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Avian Use of Purple Loosestrife Dominated Habitat Relative to Other Vegetation Types in a Lake Huron Wetland Complex

Methods


We conducted field work during 1994 and 1995 in Bay, Tuscola, and Huron counties adjacent to Saginaw Bay, Lake Huron, Michigan. Saginaw Bay comprises the majority of remaining wetland habitat on Lake Huron because unsuitable shore morphology (e.g., cliffs) prohibited wetland formation, and development pressures (mostly agricultural) eliminated presettlement wetland habitats (Prince and Flegel 1995). Although this area has experienced a 50% overall wetland loss (Dahl 1990), 70% of inland wetlands and 99% of lakeplain prairies have been drained and converted to other uses (Comer 1996). Most existing Saginaw Bay wetlands are disturbed by adjacent urban and agricultural development, diking, and exotic flora and fauna.

We surveyed birds on 18-m fixed-radius plots in eight vegetation types based on hydrology and plant form and structure: scrub-shrub, wet meadow/scrub-shrub, wet meadow/scrub-shrub/loosestrife, wet meadow, wet meadow/loosestrife, inland cattail, coastal cattail, and coastal bulrush (Scirpus spp.). Our habitat classifications were based on Cowardin and coworkers (1979); dominant plants had greater than 30% cover (Fig. 1). We used a split class (e.g., broad-leafed deciduous scrub-shrub/persistent emergent; National Wetlands Inventory) to classify two vegetation types because scattered shrubs of at least 30% cover were present. We separated cattail sites into coastal and inland because hydrologies differed; coastal sites were intermittently exposed, whereas inland sites were semi-permanently flooded by groundwater and precipitation.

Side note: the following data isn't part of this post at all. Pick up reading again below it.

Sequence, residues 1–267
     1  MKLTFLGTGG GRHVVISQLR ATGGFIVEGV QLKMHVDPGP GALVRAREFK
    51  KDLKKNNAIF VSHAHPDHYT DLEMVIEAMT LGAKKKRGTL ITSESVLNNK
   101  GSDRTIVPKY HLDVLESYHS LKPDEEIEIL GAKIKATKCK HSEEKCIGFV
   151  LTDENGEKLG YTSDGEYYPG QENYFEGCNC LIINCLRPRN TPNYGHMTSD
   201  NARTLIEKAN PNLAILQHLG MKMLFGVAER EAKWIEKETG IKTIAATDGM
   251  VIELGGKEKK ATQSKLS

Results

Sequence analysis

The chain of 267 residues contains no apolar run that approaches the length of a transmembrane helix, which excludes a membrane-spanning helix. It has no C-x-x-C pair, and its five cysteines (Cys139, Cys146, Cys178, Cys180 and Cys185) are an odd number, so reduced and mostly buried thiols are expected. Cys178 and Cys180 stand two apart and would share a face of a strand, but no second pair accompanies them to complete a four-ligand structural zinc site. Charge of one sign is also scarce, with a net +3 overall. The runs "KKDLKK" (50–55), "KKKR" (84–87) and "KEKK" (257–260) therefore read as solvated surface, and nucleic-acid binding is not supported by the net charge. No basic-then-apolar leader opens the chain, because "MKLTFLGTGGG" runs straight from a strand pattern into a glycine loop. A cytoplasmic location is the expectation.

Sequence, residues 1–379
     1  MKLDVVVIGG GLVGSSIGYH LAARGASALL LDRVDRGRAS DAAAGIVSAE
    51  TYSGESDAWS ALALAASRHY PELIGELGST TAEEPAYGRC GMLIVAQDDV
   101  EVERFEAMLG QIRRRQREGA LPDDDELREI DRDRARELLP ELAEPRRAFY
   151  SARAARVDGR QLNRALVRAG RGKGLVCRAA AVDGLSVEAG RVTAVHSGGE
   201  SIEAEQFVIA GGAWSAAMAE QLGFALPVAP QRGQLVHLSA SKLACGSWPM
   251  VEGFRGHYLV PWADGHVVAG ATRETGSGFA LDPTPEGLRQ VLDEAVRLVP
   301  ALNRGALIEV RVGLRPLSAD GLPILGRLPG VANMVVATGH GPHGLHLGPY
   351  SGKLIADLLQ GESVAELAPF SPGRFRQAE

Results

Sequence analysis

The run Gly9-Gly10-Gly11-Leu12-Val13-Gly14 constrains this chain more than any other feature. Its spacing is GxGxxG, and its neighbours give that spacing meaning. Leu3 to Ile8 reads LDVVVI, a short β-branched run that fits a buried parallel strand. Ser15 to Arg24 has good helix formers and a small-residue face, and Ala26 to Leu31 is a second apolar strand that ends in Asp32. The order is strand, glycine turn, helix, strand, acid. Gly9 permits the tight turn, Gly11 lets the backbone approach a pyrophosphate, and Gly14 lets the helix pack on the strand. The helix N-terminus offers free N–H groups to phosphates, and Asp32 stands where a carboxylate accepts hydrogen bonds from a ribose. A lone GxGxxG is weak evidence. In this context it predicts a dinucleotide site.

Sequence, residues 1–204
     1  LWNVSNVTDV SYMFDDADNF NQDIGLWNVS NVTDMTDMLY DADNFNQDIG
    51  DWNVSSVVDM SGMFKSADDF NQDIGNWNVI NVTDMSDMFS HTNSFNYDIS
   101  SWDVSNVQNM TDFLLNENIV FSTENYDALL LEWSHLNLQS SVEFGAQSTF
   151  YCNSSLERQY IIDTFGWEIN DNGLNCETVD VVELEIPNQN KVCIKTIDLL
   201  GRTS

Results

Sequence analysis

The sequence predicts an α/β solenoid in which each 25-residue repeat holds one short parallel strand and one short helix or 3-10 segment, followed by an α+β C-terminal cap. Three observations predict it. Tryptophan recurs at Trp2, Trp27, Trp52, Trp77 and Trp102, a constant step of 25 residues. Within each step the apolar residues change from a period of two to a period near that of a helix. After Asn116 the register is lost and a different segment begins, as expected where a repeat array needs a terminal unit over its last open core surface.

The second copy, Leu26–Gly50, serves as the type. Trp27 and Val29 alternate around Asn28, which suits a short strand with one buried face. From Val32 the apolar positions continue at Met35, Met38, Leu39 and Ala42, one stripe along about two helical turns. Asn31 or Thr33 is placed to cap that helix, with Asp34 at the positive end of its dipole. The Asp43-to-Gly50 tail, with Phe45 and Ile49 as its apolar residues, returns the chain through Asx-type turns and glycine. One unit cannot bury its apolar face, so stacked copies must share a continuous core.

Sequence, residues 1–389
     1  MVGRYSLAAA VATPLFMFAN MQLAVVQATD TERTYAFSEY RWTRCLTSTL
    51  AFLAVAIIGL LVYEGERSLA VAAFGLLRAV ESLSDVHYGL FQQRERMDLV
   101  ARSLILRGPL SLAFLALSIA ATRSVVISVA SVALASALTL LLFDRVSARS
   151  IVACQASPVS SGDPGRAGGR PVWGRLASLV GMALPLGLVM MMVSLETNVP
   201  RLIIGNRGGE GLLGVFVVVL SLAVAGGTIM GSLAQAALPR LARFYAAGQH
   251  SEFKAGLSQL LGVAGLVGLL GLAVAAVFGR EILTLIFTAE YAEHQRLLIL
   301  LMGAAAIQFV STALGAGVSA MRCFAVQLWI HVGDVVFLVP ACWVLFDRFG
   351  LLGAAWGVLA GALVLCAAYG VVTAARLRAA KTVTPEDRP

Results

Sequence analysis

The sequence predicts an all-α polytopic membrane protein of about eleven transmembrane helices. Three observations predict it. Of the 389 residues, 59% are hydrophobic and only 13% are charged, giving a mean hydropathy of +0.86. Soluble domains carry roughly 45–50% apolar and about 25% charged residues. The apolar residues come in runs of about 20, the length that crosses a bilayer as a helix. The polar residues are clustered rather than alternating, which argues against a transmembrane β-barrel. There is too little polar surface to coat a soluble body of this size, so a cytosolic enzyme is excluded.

Sampling periods were divided into an early season during the second and third weeks of May, a mid-season during the first and second weeks of June, and a late season during the last week of June and first week of July. We conducted surveys between sunrise and 10:00 EST. Surveys were not conducted if sustained winds exceeded 24 km/h or during heavy rain.

We selected plots using the following protocol: first, an azimuth was determined that traversed the habitat. The center of the first plot was placed at least 18 m from the outer boundary of the vegetation on that azimuth. The center of the next plot was 70 m from the first plot on the same azimuth. This procedure was continued until observers surveyed three or more plots or reached a different vegetation type. If fewer than 3 plots were established on the first azimuth, we established a second azimuth, approximately perpendicular to the first azimuth, that traversed the vegetation type and permitted plot placement at least 70 m from other plots. Plots were set on this azimuth in the same manner as on the first azimuth. Plots were placed in different locations at the same site among time periods to avoid resampling the same plots and recounting the same nests. Coastal bulrush plots were not surveyed during the first periods of each year because they lacked structure; new vegetative growth was not yet established and the previous year's growth was eliminated by ice action. Neither did we survey three vegetation types (wet meadow/scrub-shrub/loosestrife, wet meadow, wet meadow/loosestrife) during the first period of 1994. We surveyed 258 plots in 8 wetland habitats.